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Christmas Letters

2001 Christmas Letter

Welcome to yet another Christmas letter. Having been writing these annual summaries of my life since 1995, one might develop the notion that I somehow know what I’m doing. Over the years I have noticed that other people notice when I spell words wrong or put completely incorrect words where they just don’t belong. While I see this as “cute” and “charming”, the rest of the world generally does not. For example, the words “assess” and “asses” contain almost the same letters, but their meaning is quite different. If any of these types of mistakes have been made in the following letter, please rest assured that it is the work of the Evil Alien Overlord who controls all my outgoing communications. Having said that, please enjoy the rest of this letter.

After reading through my past Christmas letters, I’ve noticed a rather disturbing trend. Much like the Academy Awards, events that occurred in the first few months of the year are underrepresented in the end of the year production. While I don’t consciously omit stories from the beginning of the year, it just seems to happen. To correct for this grievous injustice, I have made the proactive decision to document events which occured in January. Let me think (envision me sitting at my desk scratching my head as I thoughtfully stare up at the ceiling)—I remember it was cold, and it snowed a little bit in Boulder. Hmm… that’s not really witty or insightful. OK, next year I will take better notes throughout the year so I can present a balanced portrayal of my life. I promise.

The most significant event of my life this year involved me getting the thought into my head that I should become a writer. The idea of finding another computer programming job just was about as appealing as a “Three’s Company” television reunion special (likely plot line: Chrissy isn’t pregnant—she’s menopausal.). While I’m generally not good at things like “making plans” or “developing strategies”, I did manage to come up with a vague notion of writing a weekly story for a web site I run. Since the beginning of February I have written about random thoughts and ideas that happen to be running around my head when I sit down at my computer. Notable topics include a squishy ball, playing laser tag, and dreams of becoming a lounge singer. And just in case I haven’t plugged my web site enough this year, all my stories can be found on the Internet at www.newfunny.com.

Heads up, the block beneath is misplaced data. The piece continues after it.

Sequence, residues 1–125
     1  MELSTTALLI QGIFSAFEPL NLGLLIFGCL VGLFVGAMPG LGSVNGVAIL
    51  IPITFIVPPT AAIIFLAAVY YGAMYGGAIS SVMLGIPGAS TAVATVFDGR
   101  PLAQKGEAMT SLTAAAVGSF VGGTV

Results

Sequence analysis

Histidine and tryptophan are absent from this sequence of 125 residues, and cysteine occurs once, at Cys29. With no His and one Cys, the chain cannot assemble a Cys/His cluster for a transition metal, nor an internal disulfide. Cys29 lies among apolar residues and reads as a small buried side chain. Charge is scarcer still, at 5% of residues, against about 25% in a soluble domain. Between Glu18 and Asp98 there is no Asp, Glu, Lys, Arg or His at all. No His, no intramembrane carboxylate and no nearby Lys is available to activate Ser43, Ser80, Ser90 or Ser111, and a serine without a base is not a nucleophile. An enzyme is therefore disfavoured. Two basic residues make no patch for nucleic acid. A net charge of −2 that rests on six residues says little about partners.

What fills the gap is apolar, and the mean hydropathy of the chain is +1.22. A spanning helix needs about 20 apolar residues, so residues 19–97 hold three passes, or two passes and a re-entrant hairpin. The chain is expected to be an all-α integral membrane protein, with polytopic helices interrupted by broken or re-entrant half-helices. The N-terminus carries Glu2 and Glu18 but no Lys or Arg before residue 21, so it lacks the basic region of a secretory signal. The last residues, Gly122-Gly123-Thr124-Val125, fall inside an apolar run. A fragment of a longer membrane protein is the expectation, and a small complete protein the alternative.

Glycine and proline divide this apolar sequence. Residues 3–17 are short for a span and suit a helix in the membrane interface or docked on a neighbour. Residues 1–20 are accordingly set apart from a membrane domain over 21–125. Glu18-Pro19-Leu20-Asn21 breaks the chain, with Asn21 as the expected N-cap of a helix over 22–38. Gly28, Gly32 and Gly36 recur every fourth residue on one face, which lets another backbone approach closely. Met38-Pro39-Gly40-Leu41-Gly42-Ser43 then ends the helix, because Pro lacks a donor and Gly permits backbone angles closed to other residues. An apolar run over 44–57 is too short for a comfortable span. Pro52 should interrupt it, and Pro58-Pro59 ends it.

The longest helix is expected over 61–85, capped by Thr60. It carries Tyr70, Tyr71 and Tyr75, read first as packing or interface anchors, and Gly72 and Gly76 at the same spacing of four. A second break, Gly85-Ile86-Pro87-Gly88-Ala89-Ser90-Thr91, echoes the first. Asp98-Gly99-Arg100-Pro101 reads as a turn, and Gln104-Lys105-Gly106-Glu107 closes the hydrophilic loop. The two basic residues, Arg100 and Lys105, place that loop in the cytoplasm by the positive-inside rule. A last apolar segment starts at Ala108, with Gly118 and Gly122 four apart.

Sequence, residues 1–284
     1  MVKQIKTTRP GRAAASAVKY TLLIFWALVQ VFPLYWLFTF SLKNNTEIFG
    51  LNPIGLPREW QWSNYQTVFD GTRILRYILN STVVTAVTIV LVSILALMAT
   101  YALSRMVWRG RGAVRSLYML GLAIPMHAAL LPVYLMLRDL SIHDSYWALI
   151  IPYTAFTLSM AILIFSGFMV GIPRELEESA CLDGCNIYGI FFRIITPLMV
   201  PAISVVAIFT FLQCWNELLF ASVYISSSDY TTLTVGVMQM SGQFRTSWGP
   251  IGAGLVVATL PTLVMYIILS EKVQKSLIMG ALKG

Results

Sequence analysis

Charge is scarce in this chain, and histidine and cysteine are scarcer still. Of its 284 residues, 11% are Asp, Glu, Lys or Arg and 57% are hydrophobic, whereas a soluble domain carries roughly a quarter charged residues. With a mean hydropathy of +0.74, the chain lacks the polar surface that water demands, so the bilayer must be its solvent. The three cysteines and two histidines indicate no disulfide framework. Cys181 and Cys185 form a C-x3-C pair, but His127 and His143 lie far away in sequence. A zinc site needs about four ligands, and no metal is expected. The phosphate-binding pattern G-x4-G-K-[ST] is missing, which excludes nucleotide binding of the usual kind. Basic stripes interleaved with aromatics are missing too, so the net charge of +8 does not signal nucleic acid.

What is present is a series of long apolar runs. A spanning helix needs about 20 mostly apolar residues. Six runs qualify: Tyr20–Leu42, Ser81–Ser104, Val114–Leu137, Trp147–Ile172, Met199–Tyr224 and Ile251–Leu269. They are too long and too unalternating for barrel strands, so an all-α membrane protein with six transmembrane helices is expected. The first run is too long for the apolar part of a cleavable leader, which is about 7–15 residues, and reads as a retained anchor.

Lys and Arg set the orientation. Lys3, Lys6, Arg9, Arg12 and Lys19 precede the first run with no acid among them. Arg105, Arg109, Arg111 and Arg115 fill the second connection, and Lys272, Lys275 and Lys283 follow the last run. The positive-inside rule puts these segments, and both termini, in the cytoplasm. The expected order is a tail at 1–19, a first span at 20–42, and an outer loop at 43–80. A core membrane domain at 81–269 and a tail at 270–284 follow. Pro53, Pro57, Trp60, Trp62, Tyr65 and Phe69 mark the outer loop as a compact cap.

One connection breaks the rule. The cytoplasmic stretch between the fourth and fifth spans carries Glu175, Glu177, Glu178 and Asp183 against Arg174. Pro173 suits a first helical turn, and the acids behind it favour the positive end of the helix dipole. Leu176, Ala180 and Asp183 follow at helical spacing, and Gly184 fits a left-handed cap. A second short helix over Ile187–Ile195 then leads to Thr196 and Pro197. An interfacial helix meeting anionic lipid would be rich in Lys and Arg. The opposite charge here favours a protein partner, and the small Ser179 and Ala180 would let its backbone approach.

While I consider my weekly writing efforts to be a noble cause, it does make writing my Christmas letter this year is a bit more challenging than usual. For example, I could write extensively about my trip to Germany in August, but I’ve already composed three separate stories on my web site. For everyone who has not read about my adventures in Europe the first time around, here is the abbreviated version: I flew to Germany, experienced numerous amusing encounters with the local population, developed several insightful observations, and then got home safely.

While my efforts to establish myself in the writing world kept me in front of my computer for extended periods of time, I have managed to continue volunteering at Habitat For Humanity. As all men know, the call of the compressed air nail gun can not be left for the answering machine. In addition to helping out at the construction site, I have built a web site for the Boulder Valley Habitat affiliate. When my otherwise hectic schedule permits, I go and take pictures of people as they work on the houses. While making no admission of guilt, there seems to be a strange correlation between those who are not nice to me at the construction site and unflattering photographs of people picking their nose and scratching themselves inappropriately.

After spending last Christmas in Minnesota at my sister’s apartment where the temperature varied from a low of negative 20 to a high of zero, my mom and I declared that the location of the next family get together was to be held below the Tropic of Cancer. Hawaii was discussed, but in the end we decided to make my sister fly back to Denver. For the duration of her stay the temperature in Denver was actually lower than in Minneapolis. This helped Karen appreciate our jokes about Minnesota being a frozen wasteland just that much more.

Despite my general inability to buy interesting and unique presents for my family and friends during the holidays, I did have one flash of brilliance when it came to my cousin Ted. After seeing how much his daughters loved singing along with the karaoke machine, I went out and found a Britney Spears karaoke CD. Now I just want to return to Pennsylvania for the sole purpose of getting the girls all wound up singing “Hit me baby one more time” and then taking off after I grow tired of the experience.

Unfortunately, the rest of my Christmas shopping experience was not nearly as productive.